Follow Menhaden Movements

The primary forage species of deep bayou flounder is menhaden (shad). At times they can be everywhere in the bayou systems, but they can also migrate as far as two miles in a single day, and the flounder follow them.

“We catch them like crazy one day in bayous on the Sabine River north of Sabine Lake, and then they’re gone. It’s all about the shad movement. If you find the shad in the bayous, you can find the flounder,” says dedicated flounder angler Frank Moore.

If you hit the S-Turns and mouth of the bayou but can’t find shad, cruise up the bayou until you start seeing active schools. “Look for nervous shad skipping along the surface and large schools swimming in the channel. Look for tidal switches to trigger bites. Falling tides usually bring shad back toward the front of the bayou, whereas days with super-long incoming tides can see them sort of migrate farther inland,” Moore says.

Late-season flounder
The first push of flounder is when early cool fronts push the fish from the back side of deep bayous toward the bayou mouths. This happens between late August and mid-September. After this there tends to be a lull in action for up to a month. The author caught this monster while fishing with Gross Savanne Lodge on Lake Calcasieu during this period in 2015. Chester Moore

Early Flounder Migration

Flounder migrations don’t happen instantaneously. They occur in stages. The major flounder migration to the Gulf of Mexico that occurs in early November has its beginnings from late August to mid-September.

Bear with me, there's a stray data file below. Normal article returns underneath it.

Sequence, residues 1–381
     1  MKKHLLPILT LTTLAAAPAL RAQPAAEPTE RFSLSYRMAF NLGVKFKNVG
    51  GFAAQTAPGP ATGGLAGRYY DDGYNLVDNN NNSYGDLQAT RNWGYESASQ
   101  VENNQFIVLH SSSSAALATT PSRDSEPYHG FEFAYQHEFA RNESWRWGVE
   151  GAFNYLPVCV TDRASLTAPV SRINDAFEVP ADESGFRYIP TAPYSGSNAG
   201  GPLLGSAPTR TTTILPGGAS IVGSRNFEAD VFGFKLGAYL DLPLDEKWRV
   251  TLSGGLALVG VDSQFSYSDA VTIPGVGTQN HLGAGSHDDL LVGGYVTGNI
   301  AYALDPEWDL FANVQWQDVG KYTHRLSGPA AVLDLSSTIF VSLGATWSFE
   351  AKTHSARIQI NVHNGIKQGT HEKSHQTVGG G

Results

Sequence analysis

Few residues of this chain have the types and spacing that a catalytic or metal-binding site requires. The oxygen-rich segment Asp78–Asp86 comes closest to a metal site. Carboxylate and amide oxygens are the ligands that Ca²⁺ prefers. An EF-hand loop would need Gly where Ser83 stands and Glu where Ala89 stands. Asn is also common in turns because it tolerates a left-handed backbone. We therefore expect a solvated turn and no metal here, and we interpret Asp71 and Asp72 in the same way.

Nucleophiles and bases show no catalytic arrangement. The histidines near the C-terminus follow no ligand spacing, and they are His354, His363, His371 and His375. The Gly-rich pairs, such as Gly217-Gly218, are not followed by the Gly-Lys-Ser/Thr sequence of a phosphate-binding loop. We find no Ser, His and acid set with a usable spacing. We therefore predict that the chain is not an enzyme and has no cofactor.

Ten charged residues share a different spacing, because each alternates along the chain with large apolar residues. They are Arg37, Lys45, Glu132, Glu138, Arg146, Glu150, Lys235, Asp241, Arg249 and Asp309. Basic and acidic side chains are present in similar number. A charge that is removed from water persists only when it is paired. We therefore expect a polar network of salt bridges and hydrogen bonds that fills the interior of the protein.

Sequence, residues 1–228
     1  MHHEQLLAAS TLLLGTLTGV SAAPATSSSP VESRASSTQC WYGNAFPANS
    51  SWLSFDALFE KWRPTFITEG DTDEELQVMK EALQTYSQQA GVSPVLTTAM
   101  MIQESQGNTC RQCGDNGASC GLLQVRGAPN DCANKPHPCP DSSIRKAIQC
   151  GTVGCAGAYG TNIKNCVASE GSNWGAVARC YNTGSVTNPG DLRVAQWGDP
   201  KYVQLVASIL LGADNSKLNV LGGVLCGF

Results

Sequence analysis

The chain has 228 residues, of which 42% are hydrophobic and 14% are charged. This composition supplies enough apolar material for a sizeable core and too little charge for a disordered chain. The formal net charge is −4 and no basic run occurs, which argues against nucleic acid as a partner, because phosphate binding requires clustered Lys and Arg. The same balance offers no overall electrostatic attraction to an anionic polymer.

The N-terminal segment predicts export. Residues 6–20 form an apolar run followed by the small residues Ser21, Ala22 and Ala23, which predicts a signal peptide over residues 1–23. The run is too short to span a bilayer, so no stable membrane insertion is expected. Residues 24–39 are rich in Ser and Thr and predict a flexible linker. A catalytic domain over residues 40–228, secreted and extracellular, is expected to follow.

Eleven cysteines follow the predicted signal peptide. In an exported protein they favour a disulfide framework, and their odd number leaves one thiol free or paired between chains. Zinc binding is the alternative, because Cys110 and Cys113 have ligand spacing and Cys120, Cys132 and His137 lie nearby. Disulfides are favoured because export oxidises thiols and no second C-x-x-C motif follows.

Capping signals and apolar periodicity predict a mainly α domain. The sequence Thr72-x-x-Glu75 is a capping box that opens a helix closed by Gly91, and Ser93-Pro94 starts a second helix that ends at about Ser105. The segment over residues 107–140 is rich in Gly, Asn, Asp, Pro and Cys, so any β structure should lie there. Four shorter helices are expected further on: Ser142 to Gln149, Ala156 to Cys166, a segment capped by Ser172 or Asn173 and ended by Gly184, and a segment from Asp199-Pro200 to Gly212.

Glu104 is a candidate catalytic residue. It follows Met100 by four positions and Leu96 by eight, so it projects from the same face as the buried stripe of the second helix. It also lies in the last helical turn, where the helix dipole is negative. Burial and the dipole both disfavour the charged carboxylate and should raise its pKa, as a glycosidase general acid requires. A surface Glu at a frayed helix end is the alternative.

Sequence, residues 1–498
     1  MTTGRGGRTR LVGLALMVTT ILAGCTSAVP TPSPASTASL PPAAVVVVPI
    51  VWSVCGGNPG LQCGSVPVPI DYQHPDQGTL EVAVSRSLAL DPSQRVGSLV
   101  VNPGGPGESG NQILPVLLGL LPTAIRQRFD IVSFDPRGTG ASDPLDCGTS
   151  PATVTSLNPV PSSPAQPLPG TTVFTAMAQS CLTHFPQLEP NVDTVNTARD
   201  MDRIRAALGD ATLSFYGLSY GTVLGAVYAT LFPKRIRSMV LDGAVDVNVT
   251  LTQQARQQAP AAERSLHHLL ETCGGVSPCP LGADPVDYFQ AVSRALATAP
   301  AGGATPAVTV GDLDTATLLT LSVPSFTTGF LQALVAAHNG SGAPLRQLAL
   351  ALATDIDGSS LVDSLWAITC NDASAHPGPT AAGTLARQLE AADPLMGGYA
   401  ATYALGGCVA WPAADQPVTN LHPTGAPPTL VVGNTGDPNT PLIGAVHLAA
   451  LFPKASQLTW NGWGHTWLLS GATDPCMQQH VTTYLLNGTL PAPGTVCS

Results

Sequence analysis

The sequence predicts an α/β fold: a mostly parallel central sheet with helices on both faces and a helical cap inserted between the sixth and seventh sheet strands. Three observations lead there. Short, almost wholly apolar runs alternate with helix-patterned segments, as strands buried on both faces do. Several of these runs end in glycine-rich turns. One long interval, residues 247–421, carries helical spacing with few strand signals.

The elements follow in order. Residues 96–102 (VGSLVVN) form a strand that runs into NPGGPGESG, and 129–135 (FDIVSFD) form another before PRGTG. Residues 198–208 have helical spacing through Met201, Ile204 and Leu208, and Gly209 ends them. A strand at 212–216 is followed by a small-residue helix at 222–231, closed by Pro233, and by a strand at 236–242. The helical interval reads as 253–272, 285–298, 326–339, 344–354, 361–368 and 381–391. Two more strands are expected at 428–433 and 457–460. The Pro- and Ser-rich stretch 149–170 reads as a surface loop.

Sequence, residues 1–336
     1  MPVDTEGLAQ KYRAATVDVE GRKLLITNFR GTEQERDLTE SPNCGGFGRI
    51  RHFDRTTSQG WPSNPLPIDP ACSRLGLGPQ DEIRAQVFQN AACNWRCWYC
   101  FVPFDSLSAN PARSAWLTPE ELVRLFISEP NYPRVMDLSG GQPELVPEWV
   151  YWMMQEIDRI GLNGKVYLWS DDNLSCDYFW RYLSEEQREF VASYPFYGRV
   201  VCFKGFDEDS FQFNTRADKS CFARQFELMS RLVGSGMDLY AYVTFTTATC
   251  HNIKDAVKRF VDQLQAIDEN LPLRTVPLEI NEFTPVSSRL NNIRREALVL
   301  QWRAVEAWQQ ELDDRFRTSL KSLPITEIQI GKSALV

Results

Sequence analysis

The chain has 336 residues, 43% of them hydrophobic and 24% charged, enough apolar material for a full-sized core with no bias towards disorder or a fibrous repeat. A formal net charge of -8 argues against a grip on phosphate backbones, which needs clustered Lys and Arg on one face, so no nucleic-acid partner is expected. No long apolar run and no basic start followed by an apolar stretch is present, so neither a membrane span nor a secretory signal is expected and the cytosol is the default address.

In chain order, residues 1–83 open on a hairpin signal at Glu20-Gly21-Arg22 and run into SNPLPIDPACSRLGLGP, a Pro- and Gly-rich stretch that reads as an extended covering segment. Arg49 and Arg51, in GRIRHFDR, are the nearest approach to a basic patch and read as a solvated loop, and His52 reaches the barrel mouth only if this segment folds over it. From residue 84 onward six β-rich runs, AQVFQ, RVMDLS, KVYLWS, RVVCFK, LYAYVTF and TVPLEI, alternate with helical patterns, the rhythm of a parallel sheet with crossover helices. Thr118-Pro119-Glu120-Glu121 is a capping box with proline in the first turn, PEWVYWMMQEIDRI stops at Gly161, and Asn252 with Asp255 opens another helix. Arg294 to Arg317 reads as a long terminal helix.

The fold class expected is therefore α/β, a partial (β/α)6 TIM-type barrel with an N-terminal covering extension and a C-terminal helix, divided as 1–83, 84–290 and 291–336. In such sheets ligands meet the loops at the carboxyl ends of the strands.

When the first cool fronts blow through and bring bluewing teal to the marsh, that signals the start of flounder migration. In my experience, flounder in the distant reaches of bayous begin to move up toward the main channels that intersect with the bay.

With each little front come more fish, and if you play your cards right, that’s a great time to score on big ones. This bite lasts a week or two, and then there’s a lull in flounder activity until the first arctic blast blows through the region.

Read Next: Fall, Wintertime Flounder on Micro Jigs

State of the Flounder Fishery

Flounder might seem plentiful on the Texas and Louisiana coasts but problems are brewing. Flounder numbers are much lower than both Texas Parks and Wildlife and Louisiana Department of Wildlife and Fisheries officials would like to see, and both states have taken action on creating limited season closures.

Conservative anglers take only what they can eat that day and always release the big fish (20 inches or better) to fight another day. That’s good fisheries stewardship that will help ensure flounder for generations to come.